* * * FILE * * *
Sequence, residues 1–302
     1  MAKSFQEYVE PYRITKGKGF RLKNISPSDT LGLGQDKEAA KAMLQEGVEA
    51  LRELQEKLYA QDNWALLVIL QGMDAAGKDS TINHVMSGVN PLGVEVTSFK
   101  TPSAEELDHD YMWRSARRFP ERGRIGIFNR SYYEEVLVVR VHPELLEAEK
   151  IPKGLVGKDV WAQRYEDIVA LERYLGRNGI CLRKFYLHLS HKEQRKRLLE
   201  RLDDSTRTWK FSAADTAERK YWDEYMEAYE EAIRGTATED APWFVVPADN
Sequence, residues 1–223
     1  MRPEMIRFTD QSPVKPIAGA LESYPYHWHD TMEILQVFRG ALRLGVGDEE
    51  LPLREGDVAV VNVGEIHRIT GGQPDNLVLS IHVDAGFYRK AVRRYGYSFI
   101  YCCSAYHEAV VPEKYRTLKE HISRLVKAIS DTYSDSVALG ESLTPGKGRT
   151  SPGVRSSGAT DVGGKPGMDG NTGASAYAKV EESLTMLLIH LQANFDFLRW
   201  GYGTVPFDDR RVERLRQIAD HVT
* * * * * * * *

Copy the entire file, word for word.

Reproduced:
Sequence, residues 1–302
     1  MAKSFQEYVE PYRITKGKGF RLKNISPSDT LGLGQDKEAA KAMLQEGVEA
    51  LRELQEKLYA QDNWALLVIL QGMDAAGKDS TINHVMSGVN PLGVEVTSFK
   101  TPSAEELDHD YMWRSARRFP ERGRIGIFNR SYYEEVLVVR VHPELLEAEK
   151  IPKGLVGKDV WAQRYEDIVA LERYLGRNGI CLRKFYLHLS HKEQRKRLLE
   201  RLDDSTRTWK FSAADTAERK YWDEYMEAYE EAIRGTATED APWFVVPADN
Sequence, residues 1–223
     1  MRPEMIRFTD QSPVKPIAGA LESYPYHWHD TMEILQVFRG ALRLGVGDEE
    51  LPLREGDVAV VNVGEIHRIT GGQPDNLVLS IHVDAGFYRK AVRRYGYSFI
   101  YCCSAYHEAV VPEKYRTLKE HISRLVKAIS DTYSDSVALG ESLTPGKGRT
   151  SPGVRSSGAT DVGGKPGMDG NTGASAYAKV EESLTMLLIH LQANFDFLRW
   201  GYGTVPFDDR RVERLRQIAD HVT